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There is an interesting catch in the C/C++ part of that comment.

Why is the game industry using C/C++?

"Because they need the highest possible performance."

Why do they need that performance?

"To look better than the competition."

Why is looking better than the competition important?

"It sells better."

Why not do other things to sell better and get a better time-to-market with a slower language?

"Too risky."

And the entirety of console gaming has bought into ideologies of low risk, top-to-bottom. The systems are either underpowered or just plain difficult to develop for, the publishers impose boneheaded ideas, and the additional manufacturer requirements increase the costs, but the perceived benefits of a system with low piracy and high retail impact make everyone buy in, again and again. The burden always falls on the developer to suck up the worst excesses and ship something workable. And this in turn encourages a dogmatic developer ideology where one accepts "nobody ever got fired for buying IBM" type stuff because of perceived risk. C/C++ is just one of those things.

I'm inside this system now... and while I like the company and am satisfied with the job, I would love to see it all break apart. It's a nasty system and we get the short end of it.




It's less of a performance thing than a toolchain thing. Especially for 3D games. Right now most libraries are written in c++ so you either develop your own set of libraries or you go with the flow.

There are some chances that this will change in the future:

One is that web-games and games for mobile phones are already written in other languages and maybe the tools from there find their way back into the rest of the game industry. That's probably the best chance for Java. Probably also for Javascript and Flash.

Another is that games use already more and more scriptlanguages on top of C++. And that's a trend that will most likely further increase so C++ get's replaced from the top. Python and LUA are used here a lot.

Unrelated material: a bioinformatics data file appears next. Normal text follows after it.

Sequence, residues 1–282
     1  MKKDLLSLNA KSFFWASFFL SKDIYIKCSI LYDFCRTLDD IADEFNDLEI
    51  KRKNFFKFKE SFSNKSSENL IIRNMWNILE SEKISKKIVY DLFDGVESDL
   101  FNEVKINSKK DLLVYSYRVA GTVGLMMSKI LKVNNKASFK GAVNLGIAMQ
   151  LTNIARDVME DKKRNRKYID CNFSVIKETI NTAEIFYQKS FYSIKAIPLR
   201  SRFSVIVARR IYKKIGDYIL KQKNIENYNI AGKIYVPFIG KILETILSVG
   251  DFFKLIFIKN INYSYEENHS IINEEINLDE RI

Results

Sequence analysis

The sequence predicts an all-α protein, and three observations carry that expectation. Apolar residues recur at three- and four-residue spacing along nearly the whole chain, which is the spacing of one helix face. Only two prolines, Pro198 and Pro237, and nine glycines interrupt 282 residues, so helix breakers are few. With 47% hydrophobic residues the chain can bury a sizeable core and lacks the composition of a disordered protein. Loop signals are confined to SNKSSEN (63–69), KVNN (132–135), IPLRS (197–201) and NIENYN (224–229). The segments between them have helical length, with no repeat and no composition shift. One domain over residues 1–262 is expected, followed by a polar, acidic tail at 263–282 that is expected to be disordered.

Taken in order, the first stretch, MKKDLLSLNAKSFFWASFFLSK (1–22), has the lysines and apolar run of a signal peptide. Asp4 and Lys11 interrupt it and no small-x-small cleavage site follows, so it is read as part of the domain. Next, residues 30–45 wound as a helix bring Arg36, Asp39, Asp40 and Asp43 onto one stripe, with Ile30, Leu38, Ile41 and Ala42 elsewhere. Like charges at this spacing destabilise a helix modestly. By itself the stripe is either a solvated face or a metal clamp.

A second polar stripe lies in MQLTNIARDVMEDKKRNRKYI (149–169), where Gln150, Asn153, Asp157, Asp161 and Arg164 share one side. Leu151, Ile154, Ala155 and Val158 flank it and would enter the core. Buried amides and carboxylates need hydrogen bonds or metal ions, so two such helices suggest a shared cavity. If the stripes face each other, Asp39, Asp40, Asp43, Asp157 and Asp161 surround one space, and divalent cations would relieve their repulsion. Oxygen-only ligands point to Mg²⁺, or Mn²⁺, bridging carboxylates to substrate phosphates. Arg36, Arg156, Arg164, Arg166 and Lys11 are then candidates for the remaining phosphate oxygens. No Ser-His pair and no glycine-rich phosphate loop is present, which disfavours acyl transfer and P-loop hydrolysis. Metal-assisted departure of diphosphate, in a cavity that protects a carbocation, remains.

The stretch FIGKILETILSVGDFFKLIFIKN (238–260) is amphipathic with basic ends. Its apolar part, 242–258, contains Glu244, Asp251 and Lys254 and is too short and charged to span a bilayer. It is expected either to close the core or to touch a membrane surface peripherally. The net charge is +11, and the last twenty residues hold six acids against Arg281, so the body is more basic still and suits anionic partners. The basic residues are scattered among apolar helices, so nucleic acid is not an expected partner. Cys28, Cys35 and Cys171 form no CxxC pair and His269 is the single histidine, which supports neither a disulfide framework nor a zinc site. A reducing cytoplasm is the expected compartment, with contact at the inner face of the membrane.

And a change could also arrives from the bottom up. Smaller games are done in other languages all the time. If those games start growing - and even more important - get done faster, or are bigger than the c++ counterparts then they can eat into the c++ market from below. C# seems to be a big candidate for a language coming from that direction.

The hardware could enforce some change. Most likely concurrent programming will influence the gameindustry as much as it will influence the rest of the programming world within the next decade. Thought I see some chance that c++ might even survive that. Erlang is probably too esoteric for this industry (even though I heard already a few people using it for game servers). And so far I don't know of another language offering there enough features to really lure game developers to switch. Maybe D has some chance, or maybe a new language creeps up.

But certainly there's still the point that c++ is proven to work even for large game projects. You can discuss how good or bad it works, but so far there's simply not many examples for large games done in other languages, so the "too risky" is still a valid point.


Tim Sweeney (Epic/UnrealEngine) did a great presentation a while ago about what his ideal game engine programming language would be like.

http://www.st.cs.uni-sb.de/edu/seminare/2005/advanced-fp/doc... (PDF)

It's almost a cry for help, but he explains why they're not using e.g. Haskell.




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